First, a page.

The Federal Emergency Management Agency (FEMA) has announced that the Peach Bottom Atomic Power Station, a nuclear power plant in eastern Pennsylvania, will be conducting a special readiness drill to make sure the region is ready for any emergency at the facility. In partnership with the Department of Homeland Security, FEMA will evaluate a “Biennial Emergency Preparedness Exercise” to assess the ability of Pennsylvania to respond to an emergency at the nuclear facility. The exercise will happen during the week of March 1.
The Peach Bottom Atomic Power Station is located 50 miles southeast of Harrisburg in Peach Bottom Township in York County, Pennsylvania. Located on the Susquehanna River, it is situated roughly three miles north of the Pennsylvania/Maryland state border. It is located roughly 60 miles south-southwest of Philadelphia and about 40 miles north-northeast of Baltimore.
The Nuclear Regulatory Commission (NRC) defines two emergency planning zones around nuclear power plants. The first is a plume exposure pathway zone; this is where people could become exposed to and/or inhale airborne radioactive contamination from a nuclear accident at the plant. The second is an ingestion pathway zone; this is where people may ingest food and/or liquid contaminated by radioactivity from an accident at the plant. The first zone covers a radius of 10 miles while the second explores a radius of 50 miles.
Because weather systems run west to east in this part of Pennsylvania, there’s concern that any radioactive matter released could eventually be blown to New Jersey, Maryland, and/or Delaware. In other nuclear disasters around the world at atomic power stations, radioactive material was blown far away from the initial site due to the weather.
Over the years, there have been minor accidents and misdeeds at the plant. In 1987, the NRC ordered a shut-down of the plant due to “operator misconduct, corporate malfeasance, and blatant disregard for the health and safety of the area” for allowing workers to sleep on the job, play video games, and not pay attention to the operation of the plant. In another documented incident, more than 35,000 gallons of mildly radioactive water leaked from the plan into the Susquehanna River.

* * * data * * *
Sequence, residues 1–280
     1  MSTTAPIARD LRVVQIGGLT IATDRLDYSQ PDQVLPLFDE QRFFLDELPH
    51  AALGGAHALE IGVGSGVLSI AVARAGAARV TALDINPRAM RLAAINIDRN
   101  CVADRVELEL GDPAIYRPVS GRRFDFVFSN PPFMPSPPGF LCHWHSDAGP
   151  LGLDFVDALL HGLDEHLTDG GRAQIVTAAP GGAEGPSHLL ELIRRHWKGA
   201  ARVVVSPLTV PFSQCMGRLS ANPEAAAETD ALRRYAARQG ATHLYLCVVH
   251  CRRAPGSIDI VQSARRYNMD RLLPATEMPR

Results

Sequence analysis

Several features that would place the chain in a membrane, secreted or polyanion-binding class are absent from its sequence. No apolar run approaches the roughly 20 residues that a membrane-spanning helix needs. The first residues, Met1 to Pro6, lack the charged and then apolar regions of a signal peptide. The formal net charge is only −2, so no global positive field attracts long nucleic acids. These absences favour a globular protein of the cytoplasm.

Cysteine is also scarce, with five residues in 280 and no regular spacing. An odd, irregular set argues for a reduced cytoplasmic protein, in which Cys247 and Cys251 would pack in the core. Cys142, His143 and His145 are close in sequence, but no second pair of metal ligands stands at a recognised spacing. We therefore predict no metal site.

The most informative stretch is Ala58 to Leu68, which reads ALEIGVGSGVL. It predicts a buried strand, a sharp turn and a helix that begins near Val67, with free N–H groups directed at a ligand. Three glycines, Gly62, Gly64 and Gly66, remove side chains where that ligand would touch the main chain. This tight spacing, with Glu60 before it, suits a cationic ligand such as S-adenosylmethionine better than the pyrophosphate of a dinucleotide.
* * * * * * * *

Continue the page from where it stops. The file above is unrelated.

“These drills are held every other year to evaluate government’s ability to protect public health and safety,” said Janice Barlow, Acting Regional Administrator for FEMA Region 3. “We assess state and local government emergency response capabilities within the 10-mile Emergency Planning Zone within the Commonwealth of Pennsylvania.”
Within 90 days of the exercise, FEMA will send its evaluation to the NRC. Within 120 days of the exercise, a final report will also be made available to the public. At 10 am on March 5, FEMA will present preliminary finds of the exercise to the public via Zoom. Due to the ongoing pandemic, there will be no in-person meeting.
This exercise is part of FEMA’s Radiological Emergency Preparedness (REP) program. REP has two purposes: first, FEMA wants to ensure that the health and safety of citizens living around a commercial nuclear power plant are adequately protected in the event of an accident and second, to inform and educate the public about radiological emergency preparedness.
For REP, FEMA has developed a webpage where people can prepare for potential nuclear accidents in their community. The page is located here: https://www.fema.gov/emergency-managers/practitioners/hazardous-response-capabilities